Is Web3 in for a Google Search moment this bull run?



Bruce Lee once famously said that a man who’s practiced 10,000 kicks once isn’t a worry — but the one who’s practiced the same kick 10,000 times is a force to be reckoned with. And this principle also applies to business, with the rise and fall of giants as its great illustration. 

Take Yahoo, once your gateway for anything on the Internet, and its loss to Google’s simple and ascetic search bar. Take Kodak, which lost a lot of ground to Nikon. Take Blockbuster and Netflix, or any other similar story — they always come down to the same pattern. Specialization wins where a jack-of-all-trades loses.

In the realm of Web3, the dominance of general-purpose blockchains has yet to be challenged effectively, but changes may be on the horizon.

The appeal of the general

For now, general-purpose blockchains built to power anything (or nothing in particular, one could also assert) are the top players. By market cap, Ethereum still leads the way in terms of general purpose L1s, but market cap might not fully capture the essence of a blockchain‘s success. It is an important metric, but of equal importance is the diversity and vibrancy of the applications a blockchain supports. After all, if a chain was purpose-built for a niche sector, be it gaming, NFTs, or RWAs, its success is a matter of how many relevant projects go to build there.   

As far as dApps are concerned, Ethereum used to be the undisputed king, but now, BNB Chain has risen as a popular alternative, running more dApps than its arch-rival, according to DappRadar. BNB Chain is very much a general-purpose one, but it offers developers enough architectural, economic, and other improvements, as well as a lot of users and a high market cap to tap into, which enabled it to compete and succeed. The same advantages appeal to any project, no matter what Web3 sector it belongs to, so the chain is home to games, DeFi services, NFT projects, and more.

And it’s not just these three chains — there’s both Ethereum’s layer-2s and various other layer-1s vying for the crown of the generalist appeal. The battle among these generalists is fierce, with each striving to offer the best combination of technology, community, and ecosystem support. Some are succeeding more than others, but still, the competition is for overall dominance, not as much for a specific segment.

Enter the specialists

Now, let’s consider mission-specific chains, or blockchains built with a particular Web3 segment in mind. Don’t confuse them with application-specific such as Ronin, which only exists to power Axie Infinity, or chains like Filecoin’s, which provide a specific service layer for Web3 projects, but aren’t meant for dApp deployment. Sector-specialized chains aim to host dApps in areas such as gaming or decentralized social media, offering tailored functionalities and benefits.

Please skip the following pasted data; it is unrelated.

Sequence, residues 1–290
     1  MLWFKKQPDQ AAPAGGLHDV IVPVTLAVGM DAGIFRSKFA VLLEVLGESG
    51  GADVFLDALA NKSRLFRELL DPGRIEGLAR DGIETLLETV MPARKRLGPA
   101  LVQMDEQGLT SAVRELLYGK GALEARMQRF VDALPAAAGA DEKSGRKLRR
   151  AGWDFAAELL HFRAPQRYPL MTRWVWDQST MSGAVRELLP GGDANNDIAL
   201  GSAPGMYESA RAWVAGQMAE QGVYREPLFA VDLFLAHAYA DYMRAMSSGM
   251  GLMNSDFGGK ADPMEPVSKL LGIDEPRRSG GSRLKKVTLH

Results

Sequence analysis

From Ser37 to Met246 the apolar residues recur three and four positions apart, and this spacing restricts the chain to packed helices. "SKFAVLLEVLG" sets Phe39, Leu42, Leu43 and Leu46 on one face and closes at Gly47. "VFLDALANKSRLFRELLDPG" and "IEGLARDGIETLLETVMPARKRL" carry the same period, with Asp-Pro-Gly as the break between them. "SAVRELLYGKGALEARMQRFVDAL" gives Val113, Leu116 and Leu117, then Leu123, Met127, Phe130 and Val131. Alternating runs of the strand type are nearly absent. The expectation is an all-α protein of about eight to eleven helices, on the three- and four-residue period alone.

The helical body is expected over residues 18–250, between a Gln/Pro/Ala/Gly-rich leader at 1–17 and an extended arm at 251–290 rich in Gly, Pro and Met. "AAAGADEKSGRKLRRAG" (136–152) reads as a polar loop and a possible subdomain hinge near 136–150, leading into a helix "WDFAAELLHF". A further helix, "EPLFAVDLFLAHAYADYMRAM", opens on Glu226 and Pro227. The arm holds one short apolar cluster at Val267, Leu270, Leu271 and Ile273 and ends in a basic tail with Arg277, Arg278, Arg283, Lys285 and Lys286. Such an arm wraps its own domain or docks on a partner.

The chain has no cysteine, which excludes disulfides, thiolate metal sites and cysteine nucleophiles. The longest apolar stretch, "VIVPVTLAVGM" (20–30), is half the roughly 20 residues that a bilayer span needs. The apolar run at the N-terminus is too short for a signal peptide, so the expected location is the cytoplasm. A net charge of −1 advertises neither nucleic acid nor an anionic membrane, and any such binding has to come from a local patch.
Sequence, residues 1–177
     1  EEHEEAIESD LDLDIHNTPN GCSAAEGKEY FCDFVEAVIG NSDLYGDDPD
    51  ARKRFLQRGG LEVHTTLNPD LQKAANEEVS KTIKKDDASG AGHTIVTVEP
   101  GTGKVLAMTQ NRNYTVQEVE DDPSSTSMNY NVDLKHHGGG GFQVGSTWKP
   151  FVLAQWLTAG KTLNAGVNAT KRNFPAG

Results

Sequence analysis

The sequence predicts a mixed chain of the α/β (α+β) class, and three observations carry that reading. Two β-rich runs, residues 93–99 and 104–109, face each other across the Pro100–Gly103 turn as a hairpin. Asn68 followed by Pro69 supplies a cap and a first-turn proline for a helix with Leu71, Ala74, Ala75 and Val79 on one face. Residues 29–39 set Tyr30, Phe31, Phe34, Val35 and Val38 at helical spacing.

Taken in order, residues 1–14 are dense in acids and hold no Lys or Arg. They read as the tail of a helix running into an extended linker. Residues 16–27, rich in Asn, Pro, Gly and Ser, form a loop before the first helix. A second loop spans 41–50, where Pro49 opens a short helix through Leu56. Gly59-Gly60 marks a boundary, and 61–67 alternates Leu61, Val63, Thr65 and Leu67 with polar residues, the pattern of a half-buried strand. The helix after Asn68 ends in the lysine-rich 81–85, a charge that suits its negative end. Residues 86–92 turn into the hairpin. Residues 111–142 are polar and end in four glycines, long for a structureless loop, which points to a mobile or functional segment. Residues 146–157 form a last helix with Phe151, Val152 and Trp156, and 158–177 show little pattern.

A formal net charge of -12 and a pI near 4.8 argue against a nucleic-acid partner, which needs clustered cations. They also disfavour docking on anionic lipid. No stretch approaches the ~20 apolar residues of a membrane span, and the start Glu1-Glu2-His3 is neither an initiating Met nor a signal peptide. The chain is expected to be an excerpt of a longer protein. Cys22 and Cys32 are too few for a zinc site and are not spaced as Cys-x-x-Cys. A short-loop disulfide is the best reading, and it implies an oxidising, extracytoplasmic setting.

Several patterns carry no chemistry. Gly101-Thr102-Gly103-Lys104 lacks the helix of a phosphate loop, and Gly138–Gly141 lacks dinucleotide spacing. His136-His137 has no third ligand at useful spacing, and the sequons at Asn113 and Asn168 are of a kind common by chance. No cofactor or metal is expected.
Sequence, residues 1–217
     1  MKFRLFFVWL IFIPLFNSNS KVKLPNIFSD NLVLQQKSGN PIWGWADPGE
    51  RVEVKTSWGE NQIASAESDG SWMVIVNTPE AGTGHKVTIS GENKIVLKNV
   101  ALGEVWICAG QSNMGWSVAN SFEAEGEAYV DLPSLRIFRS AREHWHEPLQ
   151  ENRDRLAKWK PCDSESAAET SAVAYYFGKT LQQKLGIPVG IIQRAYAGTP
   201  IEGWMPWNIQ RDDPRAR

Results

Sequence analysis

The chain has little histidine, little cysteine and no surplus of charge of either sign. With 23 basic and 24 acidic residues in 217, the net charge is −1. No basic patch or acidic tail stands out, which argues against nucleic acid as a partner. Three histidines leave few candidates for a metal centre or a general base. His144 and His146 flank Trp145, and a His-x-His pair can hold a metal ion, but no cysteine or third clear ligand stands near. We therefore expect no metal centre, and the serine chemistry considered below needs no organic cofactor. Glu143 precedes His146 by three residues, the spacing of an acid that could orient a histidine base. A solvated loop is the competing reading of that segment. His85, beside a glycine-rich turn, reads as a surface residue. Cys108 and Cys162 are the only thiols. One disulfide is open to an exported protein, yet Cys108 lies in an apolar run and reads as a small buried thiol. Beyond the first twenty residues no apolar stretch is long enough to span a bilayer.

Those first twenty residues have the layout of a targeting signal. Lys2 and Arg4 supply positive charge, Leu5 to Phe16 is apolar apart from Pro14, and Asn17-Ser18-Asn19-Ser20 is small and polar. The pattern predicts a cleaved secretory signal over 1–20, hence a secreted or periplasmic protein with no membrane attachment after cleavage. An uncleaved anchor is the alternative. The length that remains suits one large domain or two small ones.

In some sectors, such as gaming, the niche approach has only seen limited success. Most crypto games are still built on general-purpose chains, for example, not on the ones tailored for gaming. However, there is a range of sectors where purpose-built chains defy this trend, gaining traction by focusing on specific business needs and models, which hints at a potential shift in the industry’s direction 

For example, the Energy Web Chain has been making headway with industry adoption due to its enterprise-tailored strategy and focus. peaq, the blockchain for real-world applications, has outpaced Solana, a major Web3 network with a market cap in billions, in its adoption by DePIN projects, even before its mainnet launch. Audius has been making headway with its user and artist adoption, advancing the Web3 push into the music and entertainment field. And these are just a few examples of what could be a colossal change of tides in the industry.

One of these is worth lingering just a bit longer on. Rising as one of Web3’s most prominent sectors, DePINs are vastly different from other dApps. They always involve APY-generating hardware, they require real-world demand, and they need specific functions and fundamentals for rapid deployment. Projects with such unique characteristics and needs are a prime example of a sector that could benefit from mission-specific chains, and peaq is a prime example of such a chain, designed specifically for DePINs and real-world applications.  

It is quite interesting to note the common thread here — all of these projects are focused on real-world business processes, services, and business models. Given the rise of RWAs as one of the most sought-after DeFi categories, and Web3’s overall newfound appetite towards the real world, the advantages these projects offer, from fundamentals on par with general chains to segment-specific economic models and benefits, could end up transforming the entire Web3 landscape. 

It is too early to spell doom for Ethereum and other major general-purpose layer-1s — just the opposite, they stand strong and will benefit from the bullish sentiment on the market. But as the crypto winter gives way, the mission-specific chains with their clear focus and laser-accurate strategies also look increasingly appealing both for investors and builders, and as they gain momentum, Web3 might indeed have its Yahoo moment. 

Disclaimer: This article is provided for informational purposes only. It is not offered or intended to be used as legal, tax, investment, financial, or other advice.

 



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